Shame

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Product Details

Price
$17.00  $15.81
Publisher
Random House Trade
Publish Date
Pages
320
Dimensions
5.2 X 7.9 X 0.7 inches | 0.01 pounds
Language
English
Type
Paperback
EAN/UPC
9780812976700
BISAC Categories:

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About the Author

SALMAN RUSHDIE is the author of fourteen novels--including Luka and the Fire of Life; Grimus; Midnight's Children (for which he won the Booker Prize and the Best of the Booker); Shame; The Satanic Verses; Haroun and the Sea of Stories; The Moor's Last Sigh; The Ground Beneath Her Feet; Fury; Shalimar the Clown; The Enchantress of Florence; Two Years, Eight Months, and Twenty-Eight Nights; The Golden House; and Quichotte--and one collection of short stories: East, West. He has also published four works of non-fiction--Joseph Anton, The Jaguar Smile, Imaginary Homelands, and Step Across This Line--and coedited two anthologies, Mirrorwork and Best American Short Stories 2008. He is a member of the American Academy of Arts and Letters and a Distinguished Writer in Residence at New York University. A former president of PEN American Center, Rushdie was knighted in 2007 for services to literature.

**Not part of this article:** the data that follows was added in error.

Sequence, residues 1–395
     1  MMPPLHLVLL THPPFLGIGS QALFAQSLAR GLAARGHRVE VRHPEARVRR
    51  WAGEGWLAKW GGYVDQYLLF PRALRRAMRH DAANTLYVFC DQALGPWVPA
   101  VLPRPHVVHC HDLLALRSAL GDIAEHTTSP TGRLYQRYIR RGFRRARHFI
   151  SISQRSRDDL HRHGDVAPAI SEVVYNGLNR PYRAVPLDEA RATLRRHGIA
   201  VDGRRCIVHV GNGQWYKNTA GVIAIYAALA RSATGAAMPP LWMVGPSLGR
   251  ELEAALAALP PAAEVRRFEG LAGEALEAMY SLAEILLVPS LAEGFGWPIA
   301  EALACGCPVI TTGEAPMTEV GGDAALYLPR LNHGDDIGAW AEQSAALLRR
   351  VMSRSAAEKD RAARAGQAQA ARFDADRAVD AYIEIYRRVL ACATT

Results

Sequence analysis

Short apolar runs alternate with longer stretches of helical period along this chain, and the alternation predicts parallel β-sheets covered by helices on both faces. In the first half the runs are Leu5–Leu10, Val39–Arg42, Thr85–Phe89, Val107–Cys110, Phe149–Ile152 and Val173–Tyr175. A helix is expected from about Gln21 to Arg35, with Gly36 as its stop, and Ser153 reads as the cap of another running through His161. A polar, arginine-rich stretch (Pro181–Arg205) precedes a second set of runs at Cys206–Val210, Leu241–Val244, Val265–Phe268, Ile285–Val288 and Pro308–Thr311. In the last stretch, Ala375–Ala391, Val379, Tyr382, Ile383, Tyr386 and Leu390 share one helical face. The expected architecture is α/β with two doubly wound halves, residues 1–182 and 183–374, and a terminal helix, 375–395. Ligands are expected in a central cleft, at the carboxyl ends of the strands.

Reviews

WINNER OF THE PRIX DU MEILLEUR LIVRE ETRANGER

"Rushdie's novels pour by in a sparkling, voracious onrush...each paragraph luxurious and delicious." The New Yorker

"There can seldom have been so robust and baroque an incarnation of the political novel as Shame. It can be read as a fable, polemic, or excoriation; as history or as fiction.... This is the novel as myth and as satire." Sunday Telegraph

"Shame is and is not about Pakistan, that invented, imaginary country, 'a failure of the dreaming mind.'... Rushdie shows us with what fantasy our sort of history must now be written--if, that is, we are to penetrate it, and perhaps even save it." The Guardian

"Swift in Gulliver's Travels, Voltaire in Candide, Sterne in Tristram Shandy...Rushdie, it seems to me, is very much a latter-day member of their company." The New York Times Book Review

"A pitch-black comedy of public life and historical imperatives." The Times (UK)